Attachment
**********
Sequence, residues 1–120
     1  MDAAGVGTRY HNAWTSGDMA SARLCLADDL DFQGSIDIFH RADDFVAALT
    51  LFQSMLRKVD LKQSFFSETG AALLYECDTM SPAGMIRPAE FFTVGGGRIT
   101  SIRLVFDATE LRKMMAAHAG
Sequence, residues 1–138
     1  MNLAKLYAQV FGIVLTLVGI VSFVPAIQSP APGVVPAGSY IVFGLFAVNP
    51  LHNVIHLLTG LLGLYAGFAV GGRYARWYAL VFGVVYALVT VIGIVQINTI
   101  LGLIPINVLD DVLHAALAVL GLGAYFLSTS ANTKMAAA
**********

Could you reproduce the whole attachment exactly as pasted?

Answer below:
Sequence, residues 1–120
     1  MDAAGVGTRY HNAWTSGDMA SARLCLADDL DFQGSIDIFH RADDFVAALT
    51  LFQSMLRKVD LKQSFFSETG AALLYECDTM SPAGMIRPAE FFTVGGGRIT
   101  SIRLVFDATE LRKMMAAHAG
Sequence, residues 1–138
     1  MNLAKLYAQV FGIVLTLVGI VSFVPAIQSP APGVVPAGSY IVFGLFAVNP
    51  LHNVIHLLTG LLGLYAGFAV GGRYARWYAL VFGVVYALVT VIGIVQINTI
   101  LGLIPINVLD DVLHAALAVL GLGAYFLSTS ANTKMAAA